Great news for all DJI drone flyers! NavWorld’s regular Mr Fix-It, Jaco Smit, has just got back from Holland after passing his DJI Repair Certification course. This means NavWorld is now officially certified to perform repairs on all Spark, Mavic Pro, Phantom 4 Pro and Inspire 2 products while DJI’s manufacturer’s warranty remains unaffected. 

I don’t know if you’ve noticed, but drones – especially good ones like those in DJI’s stable – don’t come cheap. Another inconvenient drone truth is that, for all their fancy built-in obstacle avoidance tech, they can still fly into trees and hit the ground hard. So it makes sense that if you want to look after your investment and keep flying, you need a trusted, can-do technician on call who’s up to speed with all the latest developments. This is where NavWorld’s Jaco Smit comes in. He’s been pulling Garmin navigation and fitness units to pieces, then fixing them while others look on cross-eyed, for over 11 years. Simply put, this dude knows his stuff. And, now that he’s added the coveted international DJI Repair Certification to his already impressive repertoire of skills, he can also take care of all your DJI maintenance and repair requirements too.

Passing DJI’s international Repair Certification course wasn’t exactly what you’d call a walk in the park. It’s a demanding week-long assessment process, where small groups of up to six candidates are rigorously tested on all the latest models and expected to pass each module with a minimum of 80-percent. Certification only takes place in three countries; China, Holland and the US. And, once you’re done, the qualification is only valid for two years.

“This is because of the rapidly developing nature of drone technology and to factor in the latest models,” explains Jaco. “In fact, I was part of only the second group globally to get certification on the Spark, it’s that new! So before you get your drone repaired, I suggest you check the repair guy’s certificate to see if he’s qualified to work on your specific model or not. There are a number of guys in SA qualified to work on DJI’s older models, but not many are up to speed with all the latest drones. This is important to understand, as any unauthorised repair work on a DJI product voids the warranty.”

Getting down to business
From the moment Jaco and his fellow candidates arrived at DJI’s certification facility in Holland they had to hit the ground running. First up, all drone models – namely the Spark, Mavic Pro, Phantom 4 Pro and Inspire 2 – and their controllers had to be completely stripped down to component level. This went as far as removing wiring hidden inside the drone legs, as well as making sure not even one teensy drop of solder remained on any of the components. “We didn’t just have to take everything apart accurately,” points out Jaco. “We had to do it extremely cleanly.” Once that was done, their assessor then checked out everyone’s handiwork closely, making sure no damage had been caused to any components or connectors during the process. And, once approved, he instructed them to put it all back together again.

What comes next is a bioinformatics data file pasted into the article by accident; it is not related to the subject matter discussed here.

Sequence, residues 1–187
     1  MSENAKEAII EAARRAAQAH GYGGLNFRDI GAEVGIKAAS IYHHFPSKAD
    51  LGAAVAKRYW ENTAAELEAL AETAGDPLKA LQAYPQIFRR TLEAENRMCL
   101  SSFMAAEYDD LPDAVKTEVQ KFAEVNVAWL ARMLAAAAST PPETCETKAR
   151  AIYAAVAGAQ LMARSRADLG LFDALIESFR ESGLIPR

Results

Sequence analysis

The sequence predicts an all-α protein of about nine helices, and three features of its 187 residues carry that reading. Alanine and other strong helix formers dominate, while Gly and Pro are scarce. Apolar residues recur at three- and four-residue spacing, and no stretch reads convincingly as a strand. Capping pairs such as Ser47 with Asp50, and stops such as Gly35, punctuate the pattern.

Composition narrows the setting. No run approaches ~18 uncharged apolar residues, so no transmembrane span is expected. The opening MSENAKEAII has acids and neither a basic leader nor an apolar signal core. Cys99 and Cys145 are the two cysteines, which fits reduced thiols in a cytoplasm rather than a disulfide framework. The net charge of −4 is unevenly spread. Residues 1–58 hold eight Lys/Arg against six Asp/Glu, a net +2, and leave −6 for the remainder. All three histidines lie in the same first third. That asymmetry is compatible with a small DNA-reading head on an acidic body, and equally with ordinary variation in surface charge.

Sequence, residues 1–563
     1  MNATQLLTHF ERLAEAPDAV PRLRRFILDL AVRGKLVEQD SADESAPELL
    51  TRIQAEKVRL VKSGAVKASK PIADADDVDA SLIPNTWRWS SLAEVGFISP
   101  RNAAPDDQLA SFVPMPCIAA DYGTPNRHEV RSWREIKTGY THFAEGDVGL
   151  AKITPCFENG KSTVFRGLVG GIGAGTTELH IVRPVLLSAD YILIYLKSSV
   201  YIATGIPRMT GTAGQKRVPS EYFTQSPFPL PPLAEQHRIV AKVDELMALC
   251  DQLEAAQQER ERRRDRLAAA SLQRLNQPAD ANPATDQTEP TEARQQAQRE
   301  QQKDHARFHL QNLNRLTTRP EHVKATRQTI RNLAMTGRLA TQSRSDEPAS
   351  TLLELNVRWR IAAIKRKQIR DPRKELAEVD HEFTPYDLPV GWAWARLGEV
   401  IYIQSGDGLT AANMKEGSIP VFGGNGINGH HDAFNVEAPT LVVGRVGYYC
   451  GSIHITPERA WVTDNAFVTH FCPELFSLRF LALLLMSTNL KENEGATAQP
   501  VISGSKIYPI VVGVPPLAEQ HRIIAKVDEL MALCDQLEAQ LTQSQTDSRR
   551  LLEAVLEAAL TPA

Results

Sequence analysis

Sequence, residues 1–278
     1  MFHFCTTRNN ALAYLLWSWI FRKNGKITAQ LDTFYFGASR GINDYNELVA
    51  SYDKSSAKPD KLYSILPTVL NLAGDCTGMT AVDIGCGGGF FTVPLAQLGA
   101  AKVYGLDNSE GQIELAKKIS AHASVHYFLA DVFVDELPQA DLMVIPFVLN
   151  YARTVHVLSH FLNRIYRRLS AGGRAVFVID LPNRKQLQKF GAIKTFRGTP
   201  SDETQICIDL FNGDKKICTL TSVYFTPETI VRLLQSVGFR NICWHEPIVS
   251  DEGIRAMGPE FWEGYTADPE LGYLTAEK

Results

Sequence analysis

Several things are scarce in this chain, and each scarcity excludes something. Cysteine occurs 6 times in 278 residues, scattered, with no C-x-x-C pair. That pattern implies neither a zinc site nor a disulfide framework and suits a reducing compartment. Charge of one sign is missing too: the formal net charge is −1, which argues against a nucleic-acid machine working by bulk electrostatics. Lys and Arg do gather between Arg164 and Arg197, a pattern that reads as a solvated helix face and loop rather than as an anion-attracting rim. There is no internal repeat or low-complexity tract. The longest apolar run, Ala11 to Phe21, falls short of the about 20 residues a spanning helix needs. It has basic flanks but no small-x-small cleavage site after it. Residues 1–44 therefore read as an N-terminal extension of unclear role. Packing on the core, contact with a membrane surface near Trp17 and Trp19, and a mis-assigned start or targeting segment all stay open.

NavWorld’s Jaco Smit dismantles an Inspire 2 drone while undergoing assessment for his DJI Repair Certification in Holland.

“Once our drones had been reassembled the real evaluation began,” recounts Jaco. “Everything got scrutinised in minute detail, from the controller to all the sensors. First he would check to see if we had any screws or parts left over. Then he’d switch each drone on and put it through some pretty rigorous testing to make sure it was operating okay.”

Having “taken stuff apart for most his life”, Jaco had no issues with the first phase of the certification. For him, the second module – fault finding and assessment – was without a doubt the most interesting. After successfully completing the reassembly of a particular drone, each candidate was handed one taken from a “mystery box” with a variety of hidden faults, then given 30 minutes to find out what was wrong and complete the assessment. And, to make sure none of their successes were deemed “flukes”, they had to do this three times for each drone model they were seeking certification on.

“This is where the heat got seriously cranked up,” explains Jaco. “It’s easy to tell what’s wrong when the drone’s been in a crash. But when it doesn’t even have a scratch on the outside, trying to determine an internal failure on a circuit board or component can be extremely tricky. To make matters worse, our invigilator’s facial expression remained completely blank throughout the entire exercise, giving us no clue as to whether we’re getting it right or not!”

Having dealt with customer repairs and queries for years, albeit in the navigation and sports fitness space, Jaco understands exactly what kind of service stressed out consumers expect from their repair guy. Because of this he was very impressed with how DJI went about things. “The way we were expected to perform while searching for faults and conducting the assessment mimicked the real world perfectly,” explains Jaco. “Sometimes you don’t get a fault report from the customer and have no other option than to blind test. When this happens it’s critical that you track down every fault, no matter how small and are confident with your findings, as this determines how you bill the customer for the repair and, ultimately, their satisfaction as a client.” – (c) 2017 NavWorld

About The Author

Sean Woods

Originally a photographer for the Star newspaper in the bad old days, Sean Woods turned to writing after the first democratic elections in '94. The career shift paid serious dividends, culminating in him becoming associate editor for Popular Mechanics magazine with a number of technology writing awards under his belt. His interests include anything to do with boats, motorcycles and all those fancy tech gadgets that help the modern world go around.

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